The Story of Little Black Sambo has been retold many times. The Story of Little Babaji, illustrated by Fred Marcellino (1939-2001), was published the same year as another retelling, Sam and the Tigers, by Julius Lester and illustrated by Jerry Pinkney. In Lester and Pinkney’s version, a whole new story is fashioned and takes place in the fictional village of Sam-sam-sa-mara, where everyone is named Sam.

In general, I object to publishers altering or removing what is, now, deemed to be offensive material from books. In addition to the fundamental danger of hiding a rightfully shameful past, these books provide an opportunity to see how attitudes have evolved. Historically speaking, I think it’s important to be aware of the original book, with all its faults.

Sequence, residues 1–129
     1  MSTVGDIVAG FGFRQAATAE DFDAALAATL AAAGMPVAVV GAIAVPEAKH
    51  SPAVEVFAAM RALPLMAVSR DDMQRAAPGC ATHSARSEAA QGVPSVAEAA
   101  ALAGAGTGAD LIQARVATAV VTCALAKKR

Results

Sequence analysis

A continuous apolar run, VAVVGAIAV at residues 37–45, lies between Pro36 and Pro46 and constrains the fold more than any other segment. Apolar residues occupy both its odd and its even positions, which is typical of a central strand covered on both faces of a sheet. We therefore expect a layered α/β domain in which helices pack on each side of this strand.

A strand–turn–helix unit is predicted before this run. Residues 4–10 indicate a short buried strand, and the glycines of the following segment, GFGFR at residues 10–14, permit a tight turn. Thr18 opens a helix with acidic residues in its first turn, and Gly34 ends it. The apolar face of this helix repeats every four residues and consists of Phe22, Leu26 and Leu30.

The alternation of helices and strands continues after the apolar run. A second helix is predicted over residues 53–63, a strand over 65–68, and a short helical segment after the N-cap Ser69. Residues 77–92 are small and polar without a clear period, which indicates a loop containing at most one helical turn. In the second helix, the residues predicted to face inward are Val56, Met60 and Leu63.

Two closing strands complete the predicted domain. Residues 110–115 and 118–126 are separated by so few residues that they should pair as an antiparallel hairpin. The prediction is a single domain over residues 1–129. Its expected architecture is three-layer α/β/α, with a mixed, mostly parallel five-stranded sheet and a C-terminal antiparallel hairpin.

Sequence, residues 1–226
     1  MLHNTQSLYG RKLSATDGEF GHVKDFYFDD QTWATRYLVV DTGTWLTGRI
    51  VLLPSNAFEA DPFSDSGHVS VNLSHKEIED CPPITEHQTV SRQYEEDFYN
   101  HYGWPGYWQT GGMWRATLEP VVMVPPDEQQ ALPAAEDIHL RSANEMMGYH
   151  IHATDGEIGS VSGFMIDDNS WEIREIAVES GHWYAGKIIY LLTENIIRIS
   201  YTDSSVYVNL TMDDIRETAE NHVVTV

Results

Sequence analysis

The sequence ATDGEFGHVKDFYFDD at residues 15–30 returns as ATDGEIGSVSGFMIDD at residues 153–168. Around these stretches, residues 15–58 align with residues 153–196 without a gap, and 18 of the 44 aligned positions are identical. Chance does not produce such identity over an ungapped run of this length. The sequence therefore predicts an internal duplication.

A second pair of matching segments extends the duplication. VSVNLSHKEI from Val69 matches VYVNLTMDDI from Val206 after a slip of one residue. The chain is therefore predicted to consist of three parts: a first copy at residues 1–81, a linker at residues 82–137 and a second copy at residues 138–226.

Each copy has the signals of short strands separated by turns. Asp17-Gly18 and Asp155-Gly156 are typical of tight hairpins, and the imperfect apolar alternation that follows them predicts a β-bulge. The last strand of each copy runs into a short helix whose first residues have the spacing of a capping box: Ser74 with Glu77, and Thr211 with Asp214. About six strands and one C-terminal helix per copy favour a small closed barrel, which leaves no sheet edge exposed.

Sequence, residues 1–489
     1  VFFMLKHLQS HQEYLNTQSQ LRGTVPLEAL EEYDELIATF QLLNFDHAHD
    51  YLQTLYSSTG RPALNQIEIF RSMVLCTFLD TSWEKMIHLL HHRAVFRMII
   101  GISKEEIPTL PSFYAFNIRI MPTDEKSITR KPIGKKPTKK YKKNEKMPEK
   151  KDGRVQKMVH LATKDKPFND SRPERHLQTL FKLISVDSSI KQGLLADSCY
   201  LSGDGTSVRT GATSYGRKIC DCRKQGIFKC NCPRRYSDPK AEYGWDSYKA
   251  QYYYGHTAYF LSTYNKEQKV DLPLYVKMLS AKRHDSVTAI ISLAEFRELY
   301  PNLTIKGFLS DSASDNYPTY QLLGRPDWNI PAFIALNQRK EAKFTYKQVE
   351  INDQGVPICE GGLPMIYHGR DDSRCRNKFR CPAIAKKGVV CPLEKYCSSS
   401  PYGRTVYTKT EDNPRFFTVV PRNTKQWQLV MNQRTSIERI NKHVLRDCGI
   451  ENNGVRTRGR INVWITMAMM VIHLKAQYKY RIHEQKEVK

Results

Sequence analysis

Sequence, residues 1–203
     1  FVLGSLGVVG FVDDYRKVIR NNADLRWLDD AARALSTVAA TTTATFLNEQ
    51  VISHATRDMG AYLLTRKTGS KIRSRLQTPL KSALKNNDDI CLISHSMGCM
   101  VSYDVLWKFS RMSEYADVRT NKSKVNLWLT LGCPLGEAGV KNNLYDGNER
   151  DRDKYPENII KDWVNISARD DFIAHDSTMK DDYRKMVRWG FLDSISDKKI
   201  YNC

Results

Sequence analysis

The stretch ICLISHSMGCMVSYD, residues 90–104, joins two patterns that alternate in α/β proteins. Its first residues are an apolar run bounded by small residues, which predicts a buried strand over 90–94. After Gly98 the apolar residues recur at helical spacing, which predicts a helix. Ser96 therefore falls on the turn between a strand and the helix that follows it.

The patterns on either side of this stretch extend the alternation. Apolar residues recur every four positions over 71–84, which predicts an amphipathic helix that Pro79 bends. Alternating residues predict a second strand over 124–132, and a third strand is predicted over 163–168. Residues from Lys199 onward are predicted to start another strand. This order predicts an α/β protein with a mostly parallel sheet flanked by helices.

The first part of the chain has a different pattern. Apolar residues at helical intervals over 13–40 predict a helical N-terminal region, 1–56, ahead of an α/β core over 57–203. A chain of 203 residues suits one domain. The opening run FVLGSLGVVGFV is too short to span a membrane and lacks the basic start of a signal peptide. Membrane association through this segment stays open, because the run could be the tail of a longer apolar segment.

Marcellino’s version adheres to the original tale; he simply changed the names of the characters and created art to reflect the story’s Indian setting. He also chose a trim size (6.5 in x 6.5 in), close to that of the original book (4 in x 6 in). This decidedly improved edition is a beautifully designed book and a wonderful story worth sharing.

Fred Marcelino illustrated several children’s books; in 1991 his lavishly illustrated version of Charles Perrault’s Puss in Boots received a Caldecott Honor. Its striking cover bore no title and featured a gorgeous illustration of a finely dressed cat.

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Marcelino’s stylish watercolor art in the Story of Little Babaji is lighter and airier. Each exquisitely delicate and lively illustration is rendered in a wide-ranging, joyful palette. The highly detailed art alternates between being elegantly simple, with no background, and lusciously full, showing the surrounding environs.

 

“Once upon a time there was a little boy, and his name was Little Babaji. And his mother was called Mamaji. And his father was called Papaji.”